• Use your geographic location
  • Incorporate the day of the week: Tuesday Tips
  • Incorporate a description of your audience or a word relevant to the service/products you offer, such as Knitters News, Organizing Oracle, Plumbing Pipeline, etc.
  • Pro tip: alliteration – starting each word in the name with the same letter sound – makes the name more memorable

A picture is worth 1000 words. This old saying has never been more true. Images attract attention, reinforce your message and make readers feel something.
Aim to please. Consider your format from your audience’s perspective. Would they prefer bite-size bulleted information or perhaps practical, in-depth articles? Be sure the font is large enough to be read on a mobile phone – which is where most of us read email these days.
Serve up a smorgasbord. Include a mix of articles to keep readers’ interest. Not every article has to be relevant to every individual in your audience, but over the course of a few issues of your newsletter, there should be something for everyone.
Keep your streak going. In the same way that habit streaks – doing a behavior every day without fail – reinforces the making of a new habit, distributing your newsletter trains your audience to anticipate your newsletter. If you’re going to pause for an issue, let your readers know in advance.
Plan in advance. Plan a list of topics one business quarter in advance to avoid falling behind your publishing schedule.
Don’t go it alone. If you’re new to newsletters, connect with me for guidance in launching an effective and engaging newsletter.

If you would like to learn more about how this might apply to your business, let’s talk:

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Create Unforgettable Customer Service Stories

Create Unforgettable Customer Service Stories

Customer service is one area of focus where small businesses have a tremendous competitive advantage over big brick-and-mortar retailers and massive corporations. Great customer service differentiates you from local competitors and brands, helps you retain top clientele and prompts word-of-mouth referrals.

Here are some ways to elevate the customer experience with your business:

Consider each touchpoint

  • As the owner of a butcher shop wraps up the customer’s purchase of two pounds of ground beef, he tells the customer about his favorite way of preparing stuffed green peppers and discloses his secret tip to parboil the peppers first.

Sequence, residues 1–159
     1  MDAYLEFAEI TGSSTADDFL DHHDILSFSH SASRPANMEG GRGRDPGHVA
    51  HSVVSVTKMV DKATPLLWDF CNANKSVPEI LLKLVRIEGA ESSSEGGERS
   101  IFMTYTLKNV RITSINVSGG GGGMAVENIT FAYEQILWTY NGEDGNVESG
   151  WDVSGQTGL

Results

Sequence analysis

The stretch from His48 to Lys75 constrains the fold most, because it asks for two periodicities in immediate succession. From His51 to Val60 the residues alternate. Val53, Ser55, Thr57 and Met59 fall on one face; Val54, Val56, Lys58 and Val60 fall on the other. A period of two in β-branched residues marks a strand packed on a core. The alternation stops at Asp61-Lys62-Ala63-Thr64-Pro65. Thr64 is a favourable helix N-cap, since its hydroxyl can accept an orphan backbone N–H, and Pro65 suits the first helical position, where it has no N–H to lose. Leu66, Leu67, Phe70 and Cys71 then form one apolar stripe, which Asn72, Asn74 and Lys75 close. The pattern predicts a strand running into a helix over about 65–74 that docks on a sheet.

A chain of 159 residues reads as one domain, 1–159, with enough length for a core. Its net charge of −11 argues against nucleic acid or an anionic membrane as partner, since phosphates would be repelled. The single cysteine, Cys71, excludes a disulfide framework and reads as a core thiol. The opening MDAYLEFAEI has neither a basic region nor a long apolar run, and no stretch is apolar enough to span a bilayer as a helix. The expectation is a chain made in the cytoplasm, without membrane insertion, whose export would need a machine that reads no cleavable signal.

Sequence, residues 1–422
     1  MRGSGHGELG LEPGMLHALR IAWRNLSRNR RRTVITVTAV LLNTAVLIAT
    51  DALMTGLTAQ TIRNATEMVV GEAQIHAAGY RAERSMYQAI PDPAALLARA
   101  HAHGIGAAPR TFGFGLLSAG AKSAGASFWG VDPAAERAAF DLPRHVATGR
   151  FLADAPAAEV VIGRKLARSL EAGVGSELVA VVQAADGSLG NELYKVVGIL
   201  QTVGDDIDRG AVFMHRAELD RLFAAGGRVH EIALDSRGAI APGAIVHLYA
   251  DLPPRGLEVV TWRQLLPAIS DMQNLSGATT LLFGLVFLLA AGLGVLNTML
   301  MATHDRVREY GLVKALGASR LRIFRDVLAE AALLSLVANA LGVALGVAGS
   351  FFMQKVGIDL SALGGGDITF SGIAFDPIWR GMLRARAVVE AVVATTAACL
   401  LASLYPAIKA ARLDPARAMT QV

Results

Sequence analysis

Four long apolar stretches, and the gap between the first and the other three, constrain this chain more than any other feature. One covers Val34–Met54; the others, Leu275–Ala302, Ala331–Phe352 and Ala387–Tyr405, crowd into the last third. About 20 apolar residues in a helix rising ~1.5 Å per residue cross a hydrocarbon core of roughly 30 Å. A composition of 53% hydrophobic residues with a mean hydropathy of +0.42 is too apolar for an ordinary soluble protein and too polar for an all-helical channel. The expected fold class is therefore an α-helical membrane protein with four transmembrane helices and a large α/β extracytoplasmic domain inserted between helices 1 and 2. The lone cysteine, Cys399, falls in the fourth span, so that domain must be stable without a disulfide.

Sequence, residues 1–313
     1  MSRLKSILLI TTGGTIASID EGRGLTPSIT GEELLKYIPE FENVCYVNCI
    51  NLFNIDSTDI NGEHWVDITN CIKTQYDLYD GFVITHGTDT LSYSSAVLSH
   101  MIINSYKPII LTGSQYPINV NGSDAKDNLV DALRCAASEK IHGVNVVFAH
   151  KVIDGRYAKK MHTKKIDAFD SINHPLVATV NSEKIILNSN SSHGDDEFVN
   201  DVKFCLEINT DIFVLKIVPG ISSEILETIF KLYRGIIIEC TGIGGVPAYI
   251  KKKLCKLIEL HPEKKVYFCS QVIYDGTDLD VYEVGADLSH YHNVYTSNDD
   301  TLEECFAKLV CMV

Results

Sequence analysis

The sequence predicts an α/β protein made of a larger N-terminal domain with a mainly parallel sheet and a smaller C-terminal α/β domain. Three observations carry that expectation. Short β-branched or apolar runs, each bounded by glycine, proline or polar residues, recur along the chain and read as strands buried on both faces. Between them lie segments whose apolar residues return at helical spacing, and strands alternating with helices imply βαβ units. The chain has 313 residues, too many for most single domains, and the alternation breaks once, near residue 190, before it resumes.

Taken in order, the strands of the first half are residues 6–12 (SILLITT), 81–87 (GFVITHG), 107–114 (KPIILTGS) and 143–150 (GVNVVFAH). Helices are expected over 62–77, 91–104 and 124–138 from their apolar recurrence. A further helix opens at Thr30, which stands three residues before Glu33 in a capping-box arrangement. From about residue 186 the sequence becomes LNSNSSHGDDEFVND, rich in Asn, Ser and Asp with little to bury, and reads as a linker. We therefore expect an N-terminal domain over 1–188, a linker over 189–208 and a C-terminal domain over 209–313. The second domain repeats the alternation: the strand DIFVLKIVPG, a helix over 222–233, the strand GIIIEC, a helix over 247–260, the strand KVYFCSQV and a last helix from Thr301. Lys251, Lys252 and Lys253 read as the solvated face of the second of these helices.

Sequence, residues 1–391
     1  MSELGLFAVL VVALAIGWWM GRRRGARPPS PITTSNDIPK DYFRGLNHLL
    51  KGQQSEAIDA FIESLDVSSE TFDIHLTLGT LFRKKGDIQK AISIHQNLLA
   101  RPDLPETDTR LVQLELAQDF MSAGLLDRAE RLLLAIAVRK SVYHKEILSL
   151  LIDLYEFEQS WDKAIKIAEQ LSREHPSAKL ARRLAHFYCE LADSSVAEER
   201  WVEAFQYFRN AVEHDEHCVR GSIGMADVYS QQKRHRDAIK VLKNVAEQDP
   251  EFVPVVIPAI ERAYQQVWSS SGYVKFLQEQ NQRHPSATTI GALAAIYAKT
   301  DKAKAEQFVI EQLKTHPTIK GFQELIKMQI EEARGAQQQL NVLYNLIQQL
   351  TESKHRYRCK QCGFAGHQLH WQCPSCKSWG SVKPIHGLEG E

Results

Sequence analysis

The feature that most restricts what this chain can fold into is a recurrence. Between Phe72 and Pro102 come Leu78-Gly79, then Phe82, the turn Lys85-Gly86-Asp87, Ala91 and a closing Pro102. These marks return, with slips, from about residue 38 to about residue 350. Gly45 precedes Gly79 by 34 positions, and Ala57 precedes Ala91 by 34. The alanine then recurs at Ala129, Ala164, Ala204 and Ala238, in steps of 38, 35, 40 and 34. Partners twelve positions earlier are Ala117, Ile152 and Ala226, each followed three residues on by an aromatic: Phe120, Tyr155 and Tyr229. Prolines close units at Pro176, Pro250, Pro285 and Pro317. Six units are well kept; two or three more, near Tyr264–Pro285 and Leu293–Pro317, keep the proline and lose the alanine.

• A pet boarding facility sends pet owners daily report cards with custom notes about the pet’s behavior and activity levels, plus a photo of their pet at play with a staff member.
  • At the close of fine-dining experience, the waiter delivers the check with hand-crafted chocolate truffles packaged in individual to-go boxes for each guest. 

What these three examples have in common is that each describes a single touchpoint that is treated as an opportunity to create an elevated customer experience, a moment in time that will stand out in the customer’s memory and leave a lasting positive impression of the business.

Be a problem solver

  • A gift shop provides customers with a choice of gift wrap and bows, expertly wraps the package, and offers to arrange delivery or shipping services.

One thing that makes Amazon so appealing for gift-giving is that buying and shipping are included in one transaction. A busy shopper at a local shop might not have time to make a second stop to drop off the gift at a post office or a delivery service like FedEx or UPS.

What stands in the way of a sale might be a problem that is challenging to the customer. but might be easy for you to solve.  Your business may be able to offer adjacent services as a convenience to customers or share what’s worked for other customers with a similar issue or make a referral to a trusted partner or vendor.

Underpromise and overdeliver

  • An interior designer and her client agree to have the designer oversee the delivery of new furnishings for a family room while the client is away on a vacation. The delighted client returns to find everything in place, plus a flowering plant on the new coffee table.
  • After performing spring yard cleanup services for regular customers, a lawn and garden landscaper asks if the customer would like a complimentary flat of begonias – and then plants the flowers for the customer.

Set realistic expectations, but look for opportunities to wow your customers by exceeding their expectations. 

Woo your existing customers

  • The owner of a dry cleaners greets his repeat customers by name
  • A coffee shop loyalty program rewards their repeat customers with free beverages
  • A women’s apparel store offers to contact customers when new items from their favorite brands arrive

These examples demonstrate how businesses cultivate a sense of relationship with customers that goes beyond an individual sales transaction.

Train your employees